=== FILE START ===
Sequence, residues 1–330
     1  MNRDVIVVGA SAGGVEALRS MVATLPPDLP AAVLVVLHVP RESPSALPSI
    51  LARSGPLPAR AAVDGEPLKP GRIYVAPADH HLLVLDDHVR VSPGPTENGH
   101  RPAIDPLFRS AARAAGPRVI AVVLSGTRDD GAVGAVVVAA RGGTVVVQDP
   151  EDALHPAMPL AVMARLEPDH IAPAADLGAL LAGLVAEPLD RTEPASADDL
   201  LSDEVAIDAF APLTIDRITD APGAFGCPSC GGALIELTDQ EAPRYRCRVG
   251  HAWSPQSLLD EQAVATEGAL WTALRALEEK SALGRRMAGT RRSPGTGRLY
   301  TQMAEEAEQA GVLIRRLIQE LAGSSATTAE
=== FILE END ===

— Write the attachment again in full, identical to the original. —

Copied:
Sequence, residues 1–330
     1  MNRDVIVVGA SAGGVEALRS MVATLPPDLP AAVLVVLHVP RESPSALPSI
    51  LARSGPLPAR AAVDGEPLKP GRIYVAPADH HLLVLDDHVR VSPGPTENGH
   101  RPAIDPLFRS AARAAGPRVI AVVLSGTRDD GAVGAVVVAA RGGTVVVQDP
   151  EDALHPAMPL AVMARLEPDH IAPAADLGAL LAGLVAEPLD RTEPASADDL
   201  LSDEVAIDAF APLTIDRITD APGAFGCPSC GGALIELTDQ EAPRYRCRVG
   251  HAWSPQSLLD EQAVATEGAL WTALRALEEK SALGRRMAGT RRSPGTGRLY
   301  TQMAEEAEQA GVLIRRLIQE LAGSSATTAE